Cerebellar involvement in hallucinations may transcend clinical conditions and perceptual modalities

Timothy Lawn, Dominic ffytche*

*Corresponding author for this work

Research output: Contribution to journalArticlepeer-review

2 Citations (Scopus)
57 Downloads (Pure)


Our recent neuroimaging study identified structural differences in cerebellar subfields linked to cortical attentional networks in patients with eye disease or Parkinson's disease who experience visual hallucinations and a commentary on the study by Zorzi et al. provided additional evidence of functional cerebellar changes in Dementia with Lewy bodies. Here, we review evidence for cerebellar involvement in hallucinations across multiple clinical conditions and sensory modalities as well as examine its wider clinical and mechanistic implications. The combined structural and functional evidence is consistent with two models of cerebellar contribution to hallucination which differ in their implied direction of cause, effect and temporal sequence. Additionally, we contend that the relatively neuroanatomically localised nature of the cerebellum makes it particularly suited to identifying changes affecting distributed cortical networks using imaging techniques. As such, cerebellar subfield differences may offer value as candidate prognostic and predictive biomarkers as well as targets for neuromodulatory treatment across a range of clinical conditions.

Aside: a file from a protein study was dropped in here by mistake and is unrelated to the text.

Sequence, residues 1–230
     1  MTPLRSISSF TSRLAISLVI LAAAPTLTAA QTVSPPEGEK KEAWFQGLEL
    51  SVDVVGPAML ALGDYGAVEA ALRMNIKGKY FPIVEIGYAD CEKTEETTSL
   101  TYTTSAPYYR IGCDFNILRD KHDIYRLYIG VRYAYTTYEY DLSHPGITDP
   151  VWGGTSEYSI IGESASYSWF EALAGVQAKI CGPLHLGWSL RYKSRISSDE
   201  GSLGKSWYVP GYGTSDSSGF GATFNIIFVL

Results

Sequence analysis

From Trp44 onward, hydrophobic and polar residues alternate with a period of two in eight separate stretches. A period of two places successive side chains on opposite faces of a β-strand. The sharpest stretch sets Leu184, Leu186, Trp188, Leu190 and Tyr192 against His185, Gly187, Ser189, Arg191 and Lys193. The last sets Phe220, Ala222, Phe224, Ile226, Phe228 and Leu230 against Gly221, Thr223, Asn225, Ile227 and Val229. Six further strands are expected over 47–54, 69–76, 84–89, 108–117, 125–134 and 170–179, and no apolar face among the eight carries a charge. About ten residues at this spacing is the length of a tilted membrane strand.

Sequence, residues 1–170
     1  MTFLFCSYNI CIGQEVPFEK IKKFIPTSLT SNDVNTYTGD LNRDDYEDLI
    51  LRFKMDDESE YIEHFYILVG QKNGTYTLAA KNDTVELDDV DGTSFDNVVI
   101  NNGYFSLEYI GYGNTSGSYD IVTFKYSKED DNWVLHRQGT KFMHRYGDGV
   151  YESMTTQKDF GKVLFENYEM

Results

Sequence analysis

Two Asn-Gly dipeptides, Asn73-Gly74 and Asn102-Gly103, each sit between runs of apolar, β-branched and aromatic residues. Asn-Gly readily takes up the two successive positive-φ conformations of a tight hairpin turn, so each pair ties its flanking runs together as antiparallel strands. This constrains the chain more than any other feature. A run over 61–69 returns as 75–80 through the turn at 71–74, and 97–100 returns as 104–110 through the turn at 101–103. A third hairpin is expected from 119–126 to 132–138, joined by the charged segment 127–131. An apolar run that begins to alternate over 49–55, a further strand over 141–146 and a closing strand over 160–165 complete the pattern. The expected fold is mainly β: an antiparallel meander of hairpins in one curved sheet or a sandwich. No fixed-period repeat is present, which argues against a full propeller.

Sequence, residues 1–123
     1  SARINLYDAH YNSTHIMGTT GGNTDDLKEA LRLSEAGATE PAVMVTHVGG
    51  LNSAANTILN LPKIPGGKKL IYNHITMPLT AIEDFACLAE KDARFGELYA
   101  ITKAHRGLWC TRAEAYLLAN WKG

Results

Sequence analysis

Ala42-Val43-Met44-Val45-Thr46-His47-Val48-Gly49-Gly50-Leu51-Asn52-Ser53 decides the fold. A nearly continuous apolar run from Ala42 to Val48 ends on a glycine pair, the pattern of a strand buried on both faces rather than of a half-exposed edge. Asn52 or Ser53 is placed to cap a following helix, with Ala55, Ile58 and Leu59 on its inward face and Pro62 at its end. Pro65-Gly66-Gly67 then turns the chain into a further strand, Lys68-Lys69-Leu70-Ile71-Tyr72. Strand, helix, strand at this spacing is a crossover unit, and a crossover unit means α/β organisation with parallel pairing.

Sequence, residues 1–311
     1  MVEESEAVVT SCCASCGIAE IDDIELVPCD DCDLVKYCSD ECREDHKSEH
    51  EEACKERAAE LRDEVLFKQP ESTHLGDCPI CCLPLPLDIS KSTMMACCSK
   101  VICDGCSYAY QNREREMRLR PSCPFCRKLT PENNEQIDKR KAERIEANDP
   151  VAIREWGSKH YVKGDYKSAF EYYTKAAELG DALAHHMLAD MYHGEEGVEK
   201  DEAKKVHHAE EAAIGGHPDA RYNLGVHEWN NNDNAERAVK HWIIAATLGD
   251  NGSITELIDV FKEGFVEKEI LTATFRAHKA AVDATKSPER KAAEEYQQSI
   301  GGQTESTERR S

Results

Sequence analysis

Original languageEnglish
Pages (from-to)290-294
Number of pages5
Early online date6 Aug 2021
Publication statusPublished - Oct 2021


  • Attention
  • Cerebellum
  • Visual hallucinations


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